Soap Opera Stars Starred In A Soap Opera Murder
Actor Guilherme de Padua and actress Daniela Perez were the stars of the '90s Brazilian soap opera Of Body And Soul. Not only were their characters having a steamy love affair onscreen, but they were also rumored to be rehearsing rather enthusiastically behind the scenes. But every soap fan knows that secret affairs never stay secret for very long. They also know what happens next: Someone is going to get killed.
Perez was stabbed 18 times, and police found signs of a black magic ritual performed at the murder site. Authorities arrested de Padua and his wife, Paula Thomaz. De Padua confessed to the murder, initially claiming that he had stabbed Perez over a dozen times with her own scissors ... in self-defense. Later, the police extracted a confession from Thomaz: She had been present and had participated in the murder. Why? Because de Padua revealed that he had been having an affair with Perez, who had allegedly become so obsessed with de Padua that she threatened to murder Thomaz, then 19 and pregnant, so they could be together. That story would certainly have been plausible enough ... if de Padua bothered to stick to it.
In a twist straight out of ... well, a soap opera, it turned out that the two actors never even had an affair. Of Body And Soul's entire crew affirmed that Perez was happily married and had frequently pushed away the clingy de Padua. Some even claimed de Padua had gone loco, confusing his soap opera stories with real life. During the trial, it came out that the couple committed the murder to "seal a pact of fidelity." We're no marriage experts, but a fidelity ritual involving murder does not sound like good therapy.
So when de Padua's story started crumbling, he recanted his confession and then claimed that his (by then ex-) wife killed Perez in a fit of jealous rage. It seems stabbing women in the back was this guy's go-to move. But investigators were having none of it. Both de Padua and Thomaz were convicted for the murder. But here's the real twist: Back then, Brazil was very lenient on first-time offenders. So despite being an accomplice to the brutal stabbing of an innocent woman, Thomaz was eligible for work release barely a year after her trial. And Padua, the black magic murderer, was out of prison after six years, and is now a pastor. If that's real life in Brazil, we're really curious how crazy the soap operas are.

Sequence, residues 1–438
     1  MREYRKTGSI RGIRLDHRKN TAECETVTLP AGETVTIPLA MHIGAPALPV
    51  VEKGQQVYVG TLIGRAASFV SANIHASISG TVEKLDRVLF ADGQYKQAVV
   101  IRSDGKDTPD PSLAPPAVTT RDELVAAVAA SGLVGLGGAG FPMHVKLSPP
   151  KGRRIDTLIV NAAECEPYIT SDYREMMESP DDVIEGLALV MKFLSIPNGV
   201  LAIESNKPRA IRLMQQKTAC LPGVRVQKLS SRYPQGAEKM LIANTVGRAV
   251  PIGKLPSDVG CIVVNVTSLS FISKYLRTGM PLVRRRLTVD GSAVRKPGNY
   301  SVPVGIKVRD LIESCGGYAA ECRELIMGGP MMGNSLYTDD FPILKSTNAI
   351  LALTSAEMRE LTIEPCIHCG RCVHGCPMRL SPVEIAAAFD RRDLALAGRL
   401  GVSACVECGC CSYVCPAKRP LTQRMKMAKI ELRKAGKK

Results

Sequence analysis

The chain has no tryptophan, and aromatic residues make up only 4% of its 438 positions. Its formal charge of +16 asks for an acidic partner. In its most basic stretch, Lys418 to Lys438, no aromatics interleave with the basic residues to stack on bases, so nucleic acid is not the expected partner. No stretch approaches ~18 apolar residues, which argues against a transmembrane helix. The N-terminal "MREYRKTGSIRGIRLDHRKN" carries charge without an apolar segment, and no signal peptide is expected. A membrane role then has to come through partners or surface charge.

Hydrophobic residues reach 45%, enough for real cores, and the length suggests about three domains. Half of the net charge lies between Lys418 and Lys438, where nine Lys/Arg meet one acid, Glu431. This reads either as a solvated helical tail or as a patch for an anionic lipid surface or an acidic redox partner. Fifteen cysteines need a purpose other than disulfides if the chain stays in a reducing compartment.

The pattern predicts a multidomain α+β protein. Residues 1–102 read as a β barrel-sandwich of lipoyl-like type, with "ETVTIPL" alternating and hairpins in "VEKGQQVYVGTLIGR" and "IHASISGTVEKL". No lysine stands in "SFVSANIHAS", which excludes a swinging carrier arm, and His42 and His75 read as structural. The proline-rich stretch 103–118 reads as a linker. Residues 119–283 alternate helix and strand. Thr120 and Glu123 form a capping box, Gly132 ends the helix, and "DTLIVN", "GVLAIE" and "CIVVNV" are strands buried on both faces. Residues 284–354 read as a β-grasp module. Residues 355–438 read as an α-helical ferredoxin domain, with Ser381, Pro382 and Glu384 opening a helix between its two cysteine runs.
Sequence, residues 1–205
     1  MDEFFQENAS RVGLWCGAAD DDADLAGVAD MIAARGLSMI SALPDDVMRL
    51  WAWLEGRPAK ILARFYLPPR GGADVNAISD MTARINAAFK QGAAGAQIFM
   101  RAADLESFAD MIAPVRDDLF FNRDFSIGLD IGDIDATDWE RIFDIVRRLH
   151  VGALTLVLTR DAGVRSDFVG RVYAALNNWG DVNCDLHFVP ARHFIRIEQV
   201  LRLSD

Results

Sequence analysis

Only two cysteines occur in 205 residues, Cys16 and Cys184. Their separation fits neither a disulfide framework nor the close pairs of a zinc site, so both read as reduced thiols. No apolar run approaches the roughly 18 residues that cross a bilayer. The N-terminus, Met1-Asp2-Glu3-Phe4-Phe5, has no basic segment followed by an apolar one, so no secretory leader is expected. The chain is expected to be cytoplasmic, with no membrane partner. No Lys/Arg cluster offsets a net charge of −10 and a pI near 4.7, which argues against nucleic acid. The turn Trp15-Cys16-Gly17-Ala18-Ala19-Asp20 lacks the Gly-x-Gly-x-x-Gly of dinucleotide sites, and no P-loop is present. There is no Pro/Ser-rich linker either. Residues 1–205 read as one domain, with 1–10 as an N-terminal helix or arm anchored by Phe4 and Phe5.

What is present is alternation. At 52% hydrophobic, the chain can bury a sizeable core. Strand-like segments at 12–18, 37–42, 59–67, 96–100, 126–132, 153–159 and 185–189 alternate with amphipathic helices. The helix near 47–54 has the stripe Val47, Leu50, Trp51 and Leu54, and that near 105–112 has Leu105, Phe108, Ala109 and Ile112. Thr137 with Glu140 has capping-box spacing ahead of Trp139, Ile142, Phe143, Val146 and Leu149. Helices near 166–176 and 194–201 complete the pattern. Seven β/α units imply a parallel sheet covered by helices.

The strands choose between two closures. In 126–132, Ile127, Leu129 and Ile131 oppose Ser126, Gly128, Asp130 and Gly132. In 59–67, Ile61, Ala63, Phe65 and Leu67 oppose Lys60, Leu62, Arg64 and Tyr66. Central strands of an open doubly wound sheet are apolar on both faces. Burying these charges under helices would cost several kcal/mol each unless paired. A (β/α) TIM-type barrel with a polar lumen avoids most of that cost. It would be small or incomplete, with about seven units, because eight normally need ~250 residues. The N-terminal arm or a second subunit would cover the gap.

The Morris Family Loved Money More Than Each Other
Every family has a black sheep, the kind of screw-up you don't invite to your wedding because they might bring a hooker as a plus one. They'll sleep on your couch, eat your food, steal your Netflix password and fill your queue with reality TV -- and they'll never, ever be able to pay you back.
While they're alive, anyway.
Christopher Morris was a troubled man. A career cocaine addict, he had spent a big chunk of his adult life in prison on drug and assault charges. But he had Theron and Leila Morris, two loving parents who could never do enough for their baby boy. But love don't pay the bills -- or at least, not the mounds of cocaine needed to get through the day. So Christopher came up with a plan: Together with his roomie and prison pal Martin Wayne Rector, he would murder his ex-wife and her ten-year-old daughter to collect $35,000 in life insurance. He promised his parents half of the money, and they were just glad he'd finally found a promising career.